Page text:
Students speak out, ask for administrative support


Nicole Zelniker

February 24, 2017, Integrity for Guilford hosted a speak-out protest in front of Founders Hall.

On Feb. 24, Integrity for Guilford hosted a speak-out protest in front of Founders Hall.

The event began at 1 p.m. with chants led by organizers. Chants included “From Palestine to Mexico, border walls have got to go” and “P-O-W-E-R, we got the power because we are the collective.”

Sophomore Terry Daniels then read the letter from Guilford students, staff, faculty and parents to President Jane Fernandes, Director of Public Safety William Anderson, Chair of the board of trustees Edward Winslow and the rest of the trustees. Over 250 Guilfordians have already signed the letter.

“As a Quaker institution that aligns itself with Quaker values, we have a duty to take a firm stance against Islamophobia, xenophobia, racism and the violent acts inspired by these ideologies,” Daniels read.

“As President Fernandes said in her blog post following the election of Donald Trump, ‘We must be vigilant and vocal in holding all of our leaders accountable at all levels.’”

After the organizers offered to let others speak, students and faculty stepped up and addressed the administration.

“We need your support,” said junior Rishab Revankar.

Many students spoke about their experiences being people of color on campus.

“We were a little worried about how our jobs would change and how our support for students would need to change and how we weren’t feeling ready for that and how we weren’t necessarily feeling welcome or safe among members of our own staff,” said senior Jocelyn Foshay.

“That being said, nothing really happened. It took specific students reaching out to campus life officials, for lack of a better word, asking for something to happen. My job is to be a student. My job is not to tell you what to do.”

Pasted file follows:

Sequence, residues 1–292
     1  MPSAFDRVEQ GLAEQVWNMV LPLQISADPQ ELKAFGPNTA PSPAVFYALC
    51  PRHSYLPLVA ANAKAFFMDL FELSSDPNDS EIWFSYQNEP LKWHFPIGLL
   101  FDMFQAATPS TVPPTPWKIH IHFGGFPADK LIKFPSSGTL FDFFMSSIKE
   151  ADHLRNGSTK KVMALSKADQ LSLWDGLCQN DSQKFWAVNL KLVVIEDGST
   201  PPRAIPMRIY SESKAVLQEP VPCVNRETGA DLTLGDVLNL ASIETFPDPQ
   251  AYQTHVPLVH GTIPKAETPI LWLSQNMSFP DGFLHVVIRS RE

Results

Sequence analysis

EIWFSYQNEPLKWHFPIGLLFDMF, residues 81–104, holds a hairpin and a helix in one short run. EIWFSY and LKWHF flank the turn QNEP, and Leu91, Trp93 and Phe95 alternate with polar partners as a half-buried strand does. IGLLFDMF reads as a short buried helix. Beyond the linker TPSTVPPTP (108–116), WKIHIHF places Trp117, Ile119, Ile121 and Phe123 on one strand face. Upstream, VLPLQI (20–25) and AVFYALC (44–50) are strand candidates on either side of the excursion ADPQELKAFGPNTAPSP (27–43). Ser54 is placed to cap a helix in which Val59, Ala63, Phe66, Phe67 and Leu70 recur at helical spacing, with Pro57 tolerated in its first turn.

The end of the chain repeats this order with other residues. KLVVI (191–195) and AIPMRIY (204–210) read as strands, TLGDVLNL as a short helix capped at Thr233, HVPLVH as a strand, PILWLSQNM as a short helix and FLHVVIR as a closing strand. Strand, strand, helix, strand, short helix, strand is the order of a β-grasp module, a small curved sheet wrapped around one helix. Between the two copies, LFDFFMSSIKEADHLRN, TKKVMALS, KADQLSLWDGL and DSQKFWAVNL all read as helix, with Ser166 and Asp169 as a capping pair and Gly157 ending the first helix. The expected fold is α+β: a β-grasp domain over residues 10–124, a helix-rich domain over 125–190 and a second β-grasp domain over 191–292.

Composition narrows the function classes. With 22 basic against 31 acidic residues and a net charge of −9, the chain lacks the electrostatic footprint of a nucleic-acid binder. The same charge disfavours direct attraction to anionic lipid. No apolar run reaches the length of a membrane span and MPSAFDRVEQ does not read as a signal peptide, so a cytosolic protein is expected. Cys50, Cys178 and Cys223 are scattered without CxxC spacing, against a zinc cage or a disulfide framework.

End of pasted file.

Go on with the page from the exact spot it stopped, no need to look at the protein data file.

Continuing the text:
Foshay also addressed how she often feels called upon to talk about her experiences by white members of the Guilford community as an educational tool.

“They then gathered us all in a room and asked us to share our experiences, which would have been fine, except that my experience as a person of color is not there to comfort your guilt,” said Foshay. “My experience is not there for you to make you understand how to be a better RA. It’s just not.”

After several students of color spoke, organizers opened up the floor for white people to speak.

“I’m really happy to see all of y’all out here,” said Associate Professor of Philosophy Lisa McLeod. “I’d love to see more of you out here. I’d love to see you out here more often. I’d love to see more faculty out here.”

Sophomore Elijah Rogan-Kelly addressed how he was recruited as a perspective student, saying that he saw something special in the school.

“When I got here, it was here,” said Rogan-Kelly. “I saw it for me. I didn’t see it for other people. So I listened. And I got involved. And I stayed involved.”

After listening to a multitude of community members, Integrity led the speak-out to the Multicultural Education Department to debrief.

Integrity is open this year to any student. The group meets Sunday nights at 8:00 p.m. in the MED.